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Addressing immune-related adverse events of cancer immunotherapy: how prepared are rheumatologists?
  1. Marie Kostine1,
  2. Laura C Cappelli2,
  3. Cassandra Calabrese3,
  4. Leonard H Calabrese3,
  5. Clifton O Bingham III2,
  6. Christophe Richez1,
  7. Jacques-Eric Gottenberg4,
  8. Olivier Lambotte5
  1. 1 Rheumatology, Centre Hospitalier Universitaire de Bordeaux, Bordeaux, France
  2. 2 Rheumatology, Johns Hopkins University, Baltimore, Maryland, USA
  3. 3 Rheumatology/Immunology, Cleveland Clinic, Cleveland, Ohio, USA
  4. 4 Rheumatology, Hopitaux Universitaires de Strasbourg, Strasbourg, France
  5. 5 Internal Medicine and Clinical Immunology, Hopital Bicetre, Le Kremlin-Bicetre, France
  1. Correspondence to Dr Marie Kostine, Rheumatology, Centre Hospitalier Universitaire de Bordeaux, Bordeaux 33000, France; marie.kostine{at}chu-bordeaux.fr

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Cancer immunotherapy blocking immune checkpoints represents a major advance in oncology. Immune checkpoint inhibitors (ICI) targeting cytotoxic T-lymphocyte-associated antigen 4 and programmed cell death 1 (PD-1) or its ligand PD-L1 have become standard of care in many advanced-stage cancers. Yet an important proportion of patients experience inflammatory or autoimmune side effects, also known as immune-related adverse events (irAEs), as a consequence of dysregulated immunity. irAEs can affect almost any organ system.1 Notably, an expanding range of manifestations mimicking our classical rheumatic diseases have been described.2 3 Rheumatic irAEs, including inflammatory arthritis, pseudomyalgia rheumatica, sicca syndrome, myositis and vasculitis, are increasingly reported. Since there has been increasing emphasis on this emerging field within the last 3 years, we aimed to evaluate the knowledge of rheumatologists, as well as other specialists, regarding ICI and irAEs through an online survey.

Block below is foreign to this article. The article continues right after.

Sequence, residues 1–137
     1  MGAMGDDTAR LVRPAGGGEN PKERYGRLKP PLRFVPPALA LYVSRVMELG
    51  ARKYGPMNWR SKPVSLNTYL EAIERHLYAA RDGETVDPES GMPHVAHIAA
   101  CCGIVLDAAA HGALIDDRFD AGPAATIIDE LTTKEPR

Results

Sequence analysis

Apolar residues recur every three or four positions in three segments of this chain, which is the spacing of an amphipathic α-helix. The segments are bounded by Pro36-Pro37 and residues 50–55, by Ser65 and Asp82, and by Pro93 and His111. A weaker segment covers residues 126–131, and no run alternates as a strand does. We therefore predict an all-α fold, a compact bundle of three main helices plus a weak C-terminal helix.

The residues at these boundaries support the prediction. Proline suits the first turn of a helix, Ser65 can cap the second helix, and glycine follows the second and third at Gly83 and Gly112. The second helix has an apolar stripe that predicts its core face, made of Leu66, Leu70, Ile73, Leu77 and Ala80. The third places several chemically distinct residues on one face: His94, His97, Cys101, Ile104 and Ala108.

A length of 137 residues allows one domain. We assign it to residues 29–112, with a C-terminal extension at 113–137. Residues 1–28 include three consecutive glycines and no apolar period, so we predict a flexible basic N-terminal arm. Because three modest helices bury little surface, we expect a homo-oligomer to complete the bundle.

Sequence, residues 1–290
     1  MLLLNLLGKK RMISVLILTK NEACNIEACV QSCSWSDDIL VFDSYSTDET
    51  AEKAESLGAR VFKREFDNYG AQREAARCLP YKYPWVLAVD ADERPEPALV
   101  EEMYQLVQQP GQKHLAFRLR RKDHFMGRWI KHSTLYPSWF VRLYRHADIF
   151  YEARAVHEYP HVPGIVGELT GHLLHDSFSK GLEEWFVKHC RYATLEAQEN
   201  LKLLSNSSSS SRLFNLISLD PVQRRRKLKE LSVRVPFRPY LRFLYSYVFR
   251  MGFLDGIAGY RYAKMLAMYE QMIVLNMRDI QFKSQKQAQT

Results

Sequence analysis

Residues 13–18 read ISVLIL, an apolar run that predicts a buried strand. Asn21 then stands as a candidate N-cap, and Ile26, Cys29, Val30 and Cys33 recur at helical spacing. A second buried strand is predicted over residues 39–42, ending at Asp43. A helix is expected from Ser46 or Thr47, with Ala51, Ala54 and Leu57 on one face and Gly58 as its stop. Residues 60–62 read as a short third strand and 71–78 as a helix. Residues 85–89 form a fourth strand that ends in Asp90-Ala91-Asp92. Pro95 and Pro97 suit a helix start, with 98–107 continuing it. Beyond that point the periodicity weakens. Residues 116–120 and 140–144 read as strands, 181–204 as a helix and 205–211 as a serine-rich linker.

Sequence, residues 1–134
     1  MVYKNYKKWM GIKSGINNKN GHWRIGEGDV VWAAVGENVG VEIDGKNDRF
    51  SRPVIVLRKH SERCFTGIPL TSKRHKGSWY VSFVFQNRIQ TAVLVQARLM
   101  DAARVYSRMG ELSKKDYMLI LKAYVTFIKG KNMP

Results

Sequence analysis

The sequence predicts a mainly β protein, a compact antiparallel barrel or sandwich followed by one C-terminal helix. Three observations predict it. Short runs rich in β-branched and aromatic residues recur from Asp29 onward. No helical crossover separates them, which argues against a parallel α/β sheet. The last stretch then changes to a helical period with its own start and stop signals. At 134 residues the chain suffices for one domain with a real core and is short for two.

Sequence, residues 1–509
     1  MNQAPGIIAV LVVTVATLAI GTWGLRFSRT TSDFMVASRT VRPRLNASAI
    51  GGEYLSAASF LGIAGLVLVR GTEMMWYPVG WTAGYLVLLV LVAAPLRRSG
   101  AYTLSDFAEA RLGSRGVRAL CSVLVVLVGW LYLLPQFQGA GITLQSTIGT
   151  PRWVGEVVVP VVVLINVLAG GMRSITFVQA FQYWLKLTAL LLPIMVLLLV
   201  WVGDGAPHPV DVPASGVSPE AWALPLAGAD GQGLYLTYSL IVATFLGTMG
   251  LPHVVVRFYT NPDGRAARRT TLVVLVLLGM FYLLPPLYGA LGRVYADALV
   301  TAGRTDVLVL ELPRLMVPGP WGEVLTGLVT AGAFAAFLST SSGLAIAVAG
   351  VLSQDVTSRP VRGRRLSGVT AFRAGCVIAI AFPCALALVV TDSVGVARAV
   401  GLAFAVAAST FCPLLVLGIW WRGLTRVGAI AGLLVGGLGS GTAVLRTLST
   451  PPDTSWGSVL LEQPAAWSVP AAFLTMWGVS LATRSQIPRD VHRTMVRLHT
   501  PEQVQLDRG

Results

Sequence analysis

Survey questions addressed the demographics (gender, age, practice setting and duration of medical practice), domains of awareness, clinical experience and interest in irAE-specific medical education. The survey was first distributed in the USA (2016) to healthcare provider cohorts at Johns Hopkins University (JHU) and Cleveland Clinic (CC), then in France (2018) to rheumatologists and other specialists via …

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Footnotes

  • Handling editor Josef S Smolen

  • Collaborators Société Française de Rhumatologie (SFR), Club Rhumatismes et Inflammations (CRI), Société Nationale Française de Médecine Interne (SNFMI), Groupe d’Etude Thérapeutique des Affections Inflammatoires du Tube Digestif (GETAID) and Société Française d’Endocrinologie (SFE).

  • Contributors LCC, CC, LHC and COB planned and conducted the study in the USA. OL, J-EG, CR and MK conducted the study in France. MK, LCC and CC drafted the manuscript, and all the authors critically reviewed and approved the final version of the manuscript.

  • Funding The authors have not declared a specific grant for this research from any funding agency in the public, commercial or not-for-profit sectors.

  • Competing interests MK received speaking fees from BMS. LCC received research grant from BMS and reported consulting for Regeneron. COB has served as consultant for BMS, Regeneron and Genentech/Roche, and received grant support from BMS. CR received speaking fees from BMS, AstraZeneca and Genentech/Roche. J-EG received honoraries from BMS and Pfizer and research grant from BMS. OL received paid expert testimony and consultancy fees from BMS France, MSD and AstraZeneca, consultancy fees from Genzyme, and expert testimony for Janssen. CC and LHC declared no conflict of interest for this work.

  • Patient consent for publication Not required.

  • Provenance and peer review Not commissioned; externally peer reviewed.

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